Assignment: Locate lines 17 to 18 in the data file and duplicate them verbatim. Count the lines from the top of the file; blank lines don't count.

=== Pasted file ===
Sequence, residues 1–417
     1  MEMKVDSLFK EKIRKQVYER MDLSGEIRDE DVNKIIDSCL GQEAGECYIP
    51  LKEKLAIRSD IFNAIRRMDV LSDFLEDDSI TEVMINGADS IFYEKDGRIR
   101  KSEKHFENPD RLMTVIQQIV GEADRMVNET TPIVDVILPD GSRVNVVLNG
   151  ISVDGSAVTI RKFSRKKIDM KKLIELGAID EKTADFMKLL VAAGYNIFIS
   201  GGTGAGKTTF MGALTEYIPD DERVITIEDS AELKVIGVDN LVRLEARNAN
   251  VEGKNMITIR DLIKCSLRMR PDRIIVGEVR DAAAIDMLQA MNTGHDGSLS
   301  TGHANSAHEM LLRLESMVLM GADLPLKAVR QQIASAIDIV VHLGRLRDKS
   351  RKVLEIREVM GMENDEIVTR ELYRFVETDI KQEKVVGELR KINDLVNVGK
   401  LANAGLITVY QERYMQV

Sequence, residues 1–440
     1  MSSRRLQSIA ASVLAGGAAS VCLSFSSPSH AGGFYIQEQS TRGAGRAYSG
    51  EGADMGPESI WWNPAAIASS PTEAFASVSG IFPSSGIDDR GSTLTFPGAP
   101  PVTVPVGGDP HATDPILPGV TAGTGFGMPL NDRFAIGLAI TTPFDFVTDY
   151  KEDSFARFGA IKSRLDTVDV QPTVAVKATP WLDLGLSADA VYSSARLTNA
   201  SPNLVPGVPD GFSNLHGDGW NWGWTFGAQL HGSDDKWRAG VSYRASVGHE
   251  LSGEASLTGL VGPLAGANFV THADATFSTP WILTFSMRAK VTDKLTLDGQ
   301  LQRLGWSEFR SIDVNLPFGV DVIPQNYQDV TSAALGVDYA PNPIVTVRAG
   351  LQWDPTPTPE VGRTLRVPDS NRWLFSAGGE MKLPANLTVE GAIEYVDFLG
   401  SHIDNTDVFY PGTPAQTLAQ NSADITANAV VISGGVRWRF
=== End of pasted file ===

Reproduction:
   251  LSGEASLTGL VGPLAGANFV THADATFSTP WILTFSMRAK VTDKLTLDGQ
   301  LQRLGWSEFR SIDVNLPFGV DVIPQNYQDV TSAALGVDYA PNPIVTVRAG